Using in the kitchen

But, back to the mushroom salt – this is a good tool to keep in the kitchen.  It transforms roasted veg or roast meats (particularly chicken).  Adding a sprinkle to pasta or to a stew gives a greater depth than you can achieve with mushroom ketchup.

Try it on popcorn for a zippy flavour or homemade chips…or really any potato dish can be lifted.

The Shitake Mushroom salt has an earthy flavour which just melts into root vegetables.  The Traditional Mushroom salt has a lighter touch which is more universal in terms of sprinkling onto any dish.  For a spicy flavour on wedges and roasts, the Mesquite smoked salt gives a piquancy and richness.

Adding a sprinkle of salt to cooked mushrooms gives a fantastic intense flavour that contrasts with eggs for a punchy breakfast dish (we have been sprinkling it on everything so far for our #eatsussex month to create some new flavour notes to work with on the breakfast front).


Lower in sodium

Mushroom salt is also highly useful as it’s lower in sodium than regular salt.  A bonus if you’re trying to reduce sodium intake.

Adding mushroom salt adds richness to a dish so you need fewer ingredients to add depth of flavour – ie less fat and certainly no additional salt.

Using smoked salt like Mesquite has a stronger aroma which works even better with dishes that need something more robust.

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Mushroom Salt – Your Kitchen Friend

On air with BBC Sussex!

We kicked off August with a short interview this morning on BBC Sussex Breakfast with Neil Pringle. Did you catch us? If not, check out the clip on BBC Iplayer – just skip ahead to 2hrs 42 minutes. We discussed an #eatsussex breakfast, the range of local produce availabile, #eatsussex challenges and adapting #eatsussex to different dietary needs (Nick and Jim are carnivores, Muir and Connie are vegetarian, and I’m vegan – we’ve got everything covered!)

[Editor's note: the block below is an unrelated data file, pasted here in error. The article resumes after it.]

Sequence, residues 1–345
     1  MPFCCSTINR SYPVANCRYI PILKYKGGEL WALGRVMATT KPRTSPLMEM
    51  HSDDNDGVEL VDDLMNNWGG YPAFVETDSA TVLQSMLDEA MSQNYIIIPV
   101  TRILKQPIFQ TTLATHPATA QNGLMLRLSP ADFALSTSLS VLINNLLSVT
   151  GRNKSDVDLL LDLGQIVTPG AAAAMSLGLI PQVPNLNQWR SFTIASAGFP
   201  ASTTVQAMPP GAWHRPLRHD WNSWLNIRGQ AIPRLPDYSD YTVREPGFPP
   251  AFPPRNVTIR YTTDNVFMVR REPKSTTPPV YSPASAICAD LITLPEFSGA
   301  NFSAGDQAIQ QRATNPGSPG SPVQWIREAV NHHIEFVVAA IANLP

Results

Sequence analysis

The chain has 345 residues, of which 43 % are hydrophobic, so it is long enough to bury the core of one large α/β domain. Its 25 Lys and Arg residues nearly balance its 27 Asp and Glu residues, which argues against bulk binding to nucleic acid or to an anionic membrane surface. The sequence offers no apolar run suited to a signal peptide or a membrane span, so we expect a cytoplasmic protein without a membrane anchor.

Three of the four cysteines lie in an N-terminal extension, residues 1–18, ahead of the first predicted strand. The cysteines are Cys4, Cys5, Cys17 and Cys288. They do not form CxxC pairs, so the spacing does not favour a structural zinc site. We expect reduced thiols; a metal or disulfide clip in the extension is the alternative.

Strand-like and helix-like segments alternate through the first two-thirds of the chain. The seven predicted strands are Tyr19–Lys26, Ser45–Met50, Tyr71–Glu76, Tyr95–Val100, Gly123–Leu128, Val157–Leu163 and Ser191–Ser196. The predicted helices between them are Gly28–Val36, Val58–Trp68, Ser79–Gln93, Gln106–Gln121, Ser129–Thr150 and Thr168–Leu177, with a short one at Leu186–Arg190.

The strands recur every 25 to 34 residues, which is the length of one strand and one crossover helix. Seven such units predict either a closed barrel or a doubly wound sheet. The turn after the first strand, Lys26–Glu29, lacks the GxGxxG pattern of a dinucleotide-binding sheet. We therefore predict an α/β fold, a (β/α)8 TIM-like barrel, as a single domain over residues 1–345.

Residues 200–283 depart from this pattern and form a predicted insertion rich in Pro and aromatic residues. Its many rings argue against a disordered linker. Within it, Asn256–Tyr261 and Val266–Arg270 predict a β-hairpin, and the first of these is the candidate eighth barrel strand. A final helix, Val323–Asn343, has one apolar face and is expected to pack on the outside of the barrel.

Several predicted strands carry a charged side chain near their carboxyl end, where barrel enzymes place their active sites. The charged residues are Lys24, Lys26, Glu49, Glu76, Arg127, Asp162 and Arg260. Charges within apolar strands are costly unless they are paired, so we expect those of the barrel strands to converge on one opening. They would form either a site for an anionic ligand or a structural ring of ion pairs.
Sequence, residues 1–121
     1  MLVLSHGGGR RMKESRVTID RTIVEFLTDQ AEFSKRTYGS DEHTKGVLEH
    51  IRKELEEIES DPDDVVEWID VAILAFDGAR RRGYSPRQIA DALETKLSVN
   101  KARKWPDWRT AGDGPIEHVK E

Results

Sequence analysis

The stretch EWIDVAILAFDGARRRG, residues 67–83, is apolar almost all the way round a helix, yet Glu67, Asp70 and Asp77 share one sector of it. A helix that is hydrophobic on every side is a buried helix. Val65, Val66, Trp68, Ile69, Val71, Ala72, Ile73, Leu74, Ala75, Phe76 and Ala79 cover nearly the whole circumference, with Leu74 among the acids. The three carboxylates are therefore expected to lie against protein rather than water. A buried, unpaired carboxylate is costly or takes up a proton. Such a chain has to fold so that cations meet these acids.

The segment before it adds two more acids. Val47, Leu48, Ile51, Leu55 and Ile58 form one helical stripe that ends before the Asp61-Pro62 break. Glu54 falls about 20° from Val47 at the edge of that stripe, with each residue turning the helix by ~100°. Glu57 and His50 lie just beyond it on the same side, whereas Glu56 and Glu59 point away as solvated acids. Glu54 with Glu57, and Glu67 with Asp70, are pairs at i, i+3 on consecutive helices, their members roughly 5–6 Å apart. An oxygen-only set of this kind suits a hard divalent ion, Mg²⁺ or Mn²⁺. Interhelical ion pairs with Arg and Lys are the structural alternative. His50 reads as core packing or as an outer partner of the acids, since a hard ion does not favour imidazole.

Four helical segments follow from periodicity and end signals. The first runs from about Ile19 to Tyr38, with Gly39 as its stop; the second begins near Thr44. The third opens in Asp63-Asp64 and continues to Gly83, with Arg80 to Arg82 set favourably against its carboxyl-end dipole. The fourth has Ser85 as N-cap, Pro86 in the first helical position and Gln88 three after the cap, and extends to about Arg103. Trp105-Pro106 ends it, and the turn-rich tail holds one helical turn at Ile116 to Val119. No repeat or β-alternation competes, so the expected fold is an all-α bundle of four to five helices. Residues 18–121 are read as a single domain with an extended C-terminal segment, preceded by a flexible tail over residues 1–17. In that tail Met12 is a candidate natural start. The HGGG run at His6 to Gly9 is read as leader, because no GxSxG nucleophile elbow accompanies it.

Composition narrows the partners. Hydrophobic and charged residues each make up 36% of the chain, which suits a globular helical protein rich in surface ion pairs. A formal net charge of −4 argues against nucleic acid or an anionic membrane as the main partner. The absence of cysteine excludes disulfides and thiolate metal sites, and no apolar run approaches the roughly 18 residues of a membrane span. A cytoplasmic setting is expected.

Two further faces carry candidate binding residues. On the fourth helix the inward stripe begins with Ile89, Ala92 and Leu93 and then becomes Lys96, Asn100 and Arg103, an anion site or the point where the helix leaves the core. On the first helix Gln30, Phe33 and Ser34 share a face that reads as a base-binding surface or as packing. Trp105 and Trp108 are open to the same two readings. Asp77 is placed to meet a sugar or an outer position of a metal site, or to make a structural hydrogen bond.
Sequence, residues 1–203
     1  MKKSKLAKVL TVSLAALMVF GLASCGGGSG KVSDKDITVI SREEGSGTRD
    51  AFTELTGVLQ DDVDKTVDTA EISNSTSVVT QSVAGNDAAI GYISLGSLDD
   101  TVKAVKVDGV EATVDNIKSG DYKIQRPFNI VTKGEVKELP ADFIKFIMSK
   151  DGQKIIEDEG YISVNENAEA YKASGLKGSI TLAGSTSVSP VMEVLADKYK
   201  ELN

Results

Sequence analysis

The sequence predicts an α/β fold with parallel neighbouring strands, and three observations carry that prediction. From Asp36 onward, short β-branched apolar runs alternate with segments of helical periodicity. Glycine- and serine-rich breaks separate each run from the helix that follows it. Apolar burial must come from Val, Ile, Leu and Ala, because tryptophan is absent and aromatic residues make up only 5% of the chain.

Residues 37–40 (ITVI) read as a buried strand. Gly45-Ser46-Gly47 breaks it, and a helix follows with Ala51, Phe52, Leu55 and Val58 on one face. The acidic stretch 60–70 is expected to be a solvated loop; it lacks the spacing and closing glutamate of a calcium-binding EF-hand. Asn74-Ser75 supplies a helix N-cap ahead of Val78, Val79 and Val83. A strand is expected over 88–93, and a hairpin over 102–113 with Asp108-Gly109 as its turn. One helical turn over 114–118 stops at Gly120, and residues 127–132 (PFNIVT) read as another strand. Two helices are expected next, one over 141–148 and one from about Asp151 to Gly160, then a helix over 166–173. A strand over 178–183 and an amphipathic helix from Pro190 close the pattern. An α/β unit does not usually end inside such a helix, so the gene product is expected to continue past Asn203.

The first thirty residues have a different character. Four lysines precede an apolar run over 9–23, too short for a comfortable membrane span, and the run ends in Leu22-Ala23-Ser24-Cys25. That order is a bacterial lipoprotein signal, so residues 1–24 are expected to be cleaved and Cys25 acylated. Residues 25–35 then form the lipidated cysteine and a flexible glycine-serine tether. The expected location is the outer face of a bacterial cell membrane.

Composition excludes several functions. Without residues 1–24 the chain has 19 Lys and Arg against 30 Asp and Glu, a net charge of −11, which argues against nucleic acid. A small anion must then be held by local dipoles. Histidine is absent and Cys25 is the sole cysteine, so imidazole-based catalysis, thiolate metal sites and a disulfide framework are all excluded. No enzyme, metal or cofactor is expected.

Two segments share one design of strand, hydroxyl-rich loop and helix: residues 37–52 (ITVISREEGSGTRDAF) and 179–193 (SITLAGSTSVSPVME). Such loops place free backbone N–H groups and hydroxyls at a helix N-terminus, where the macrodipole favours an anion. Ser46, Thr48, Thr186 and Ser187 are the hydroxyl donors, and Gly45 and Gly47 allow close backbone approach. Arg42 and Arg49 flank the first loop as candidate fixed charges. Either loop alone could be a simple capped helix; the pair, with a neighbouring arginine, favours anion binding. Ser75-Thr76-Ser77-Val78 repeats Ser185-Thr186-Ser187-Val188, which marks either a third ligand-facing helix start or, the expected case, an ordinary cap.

For the demonstration breakfast, Muir cooked up a beautiful breakfast tart with local wholemeal flour, Sussex rainbow chard, intensely flavoured Sussex tomatoes and local dairy and eggs. We also had some Sussex chipolata sausages and sauteed mushrooms – all of which the crew seemed to enjoy having afterwards! We included a whole host of gorgeous locally grown veggies and fruits to garnish and accompany the meal, to show that there’s no depriving yourself when it comes to eating local (Mmm, all of these ingredients can be sourced from our website if this is making you hungry!)